Glasgow petrol update: reports some parts of city have run out of fuel as army put on standby to provide support

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The chaotic scenes at some petrol stations in Glasgow has resulted in some local medical professionals cancelling home visits to see ill patients.

Although the impact of the petrol panic has been to the detriment of some vital day-to-day services, there were many motorists in Glasgow saying they were able to get fuel without incident, however in all of these instances motorists were limited to £30.

One nurse living in Glasgow said she spent several hours trying to get petrol yesterday but was unable to do so which meant she could not visit ill patients in the local community.

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“I can’t believe this is happening,” wrote the nurse on social media.

“There are sick people all over the country waiting on visits from nurses like me but some appointments have had to be cancelled because we can’t get the petrol we need to get to these people.

“It’s pure selfishness and it can’t be allowed to continue for much longer,” she added.

The impact the fuel crisis has had on medical services has been so far reaching that the British Medical Association (BMA) is now urging the UK government to allow medical professionals to be given priority when it comes to refuelling vehicles.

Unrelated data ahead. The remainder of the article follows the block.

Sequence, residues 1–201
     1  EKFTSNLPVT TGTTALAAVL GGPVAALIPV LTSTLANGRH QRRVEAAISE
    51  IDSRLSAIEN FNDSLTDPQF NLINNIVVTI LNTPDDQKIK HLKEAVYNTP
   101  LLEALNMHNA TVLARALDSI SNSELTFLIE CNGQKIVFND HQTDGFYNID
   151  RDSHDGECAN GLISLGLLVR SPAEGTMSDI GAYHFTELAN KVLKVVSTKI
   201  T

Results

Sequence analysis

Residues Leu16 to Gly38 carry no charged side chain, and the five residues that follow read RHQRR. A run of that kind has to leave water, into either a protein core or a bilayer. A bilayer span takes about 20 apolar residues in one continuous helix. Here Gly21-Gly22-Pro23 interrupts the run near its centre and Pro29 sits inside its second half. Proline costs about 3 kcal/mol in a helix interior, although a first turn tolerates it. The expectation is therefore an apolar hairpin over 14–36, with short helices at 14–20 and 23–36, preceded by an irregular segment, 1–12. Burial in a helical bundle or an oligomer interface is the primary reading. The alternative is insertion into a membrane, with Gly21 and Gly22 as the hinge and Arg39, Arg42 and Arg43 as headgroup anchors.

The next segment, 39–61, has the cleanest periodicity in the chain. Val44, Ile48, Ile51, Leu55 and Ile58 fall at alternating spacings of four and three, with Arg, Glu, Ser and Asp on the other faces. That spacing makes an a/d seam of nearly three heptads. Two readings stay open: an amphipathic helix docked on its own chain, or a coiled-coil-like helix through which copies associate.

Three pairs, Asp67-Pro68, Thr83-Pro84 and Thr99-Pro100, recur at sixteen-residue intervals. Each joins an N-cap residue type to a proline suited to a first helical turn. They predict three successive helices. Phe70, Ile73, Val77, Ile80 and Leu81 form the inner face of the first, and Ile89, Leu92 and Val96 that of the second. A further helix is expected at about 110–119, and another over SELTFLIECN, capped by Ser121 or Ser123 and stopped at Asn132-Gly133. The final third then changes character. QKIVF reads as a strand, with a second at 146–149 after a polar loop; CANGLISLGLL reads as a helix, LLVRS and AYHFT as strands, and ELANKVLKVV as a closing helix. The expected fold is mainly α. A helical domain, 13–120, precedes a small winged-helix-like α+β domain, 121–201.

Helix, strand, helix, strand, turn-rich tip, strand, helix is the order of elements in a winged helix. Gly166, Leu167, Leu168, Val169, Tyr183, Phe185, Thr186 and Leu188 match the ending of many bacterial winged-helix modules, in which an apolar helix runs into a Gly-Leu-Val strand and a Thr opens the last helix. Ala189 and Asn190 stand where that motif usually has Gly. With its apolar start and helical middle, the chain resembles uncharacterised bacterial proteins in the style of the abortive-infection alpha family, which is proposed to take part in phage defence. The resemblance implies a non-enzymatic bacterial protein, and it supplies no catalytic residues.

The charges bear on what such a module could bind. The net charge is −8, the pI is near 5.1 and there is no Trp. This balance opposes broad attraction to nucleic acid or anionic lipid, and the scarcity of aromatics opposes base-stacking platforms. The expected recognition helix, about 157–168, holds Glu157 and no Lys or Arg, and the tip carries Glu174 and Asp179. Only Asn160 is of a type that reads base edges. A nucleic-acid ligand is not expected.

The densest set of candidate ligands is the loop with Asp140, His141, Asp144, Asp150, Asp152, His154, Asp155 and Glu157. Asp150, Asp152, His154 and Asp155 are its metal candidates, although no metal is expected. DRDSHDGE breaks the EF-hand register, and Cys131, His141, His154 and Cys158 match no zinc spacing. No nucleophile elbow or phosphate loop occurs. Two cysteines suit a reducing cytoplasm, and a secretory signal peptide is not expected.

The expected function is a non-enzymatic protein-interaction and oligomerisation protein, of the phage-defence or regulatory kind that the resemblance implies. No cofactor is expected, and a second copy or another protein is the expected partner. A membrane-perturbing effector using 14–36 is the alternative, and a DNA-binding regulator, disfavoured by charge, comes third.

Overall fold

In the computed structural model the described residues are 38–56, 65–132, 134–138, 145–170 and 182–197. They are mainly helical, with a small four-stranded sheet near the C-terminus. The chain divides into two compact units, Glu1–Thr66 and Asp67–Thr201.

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“Emergency and essential workers rely on fuel both to travel to work and for their work itself – whether this is to get to hospitals, practices and other healthcare settings, or for ambulances to reach people in urgent need of care and GPs to visit very ill patients at home,” said Dr Chaand Nagpaul, the chair of council at the BMA,

“Everyone will have their own reasons for needing to fill up but as pumps run dry there is a real risk that NHS staff won’t be able to do their jobs and provide vital services and care to people who urgently need it.

“While the government has said it is putting plans in place to alleviate the shortage of HGV drivers to transport fuel, the results of this won’t be immediate. Healthcare and essential workers must therefore be given priority access to fuel so they can continue their crucial work and guarantee care to patients,” added Dr. Nagpaul.

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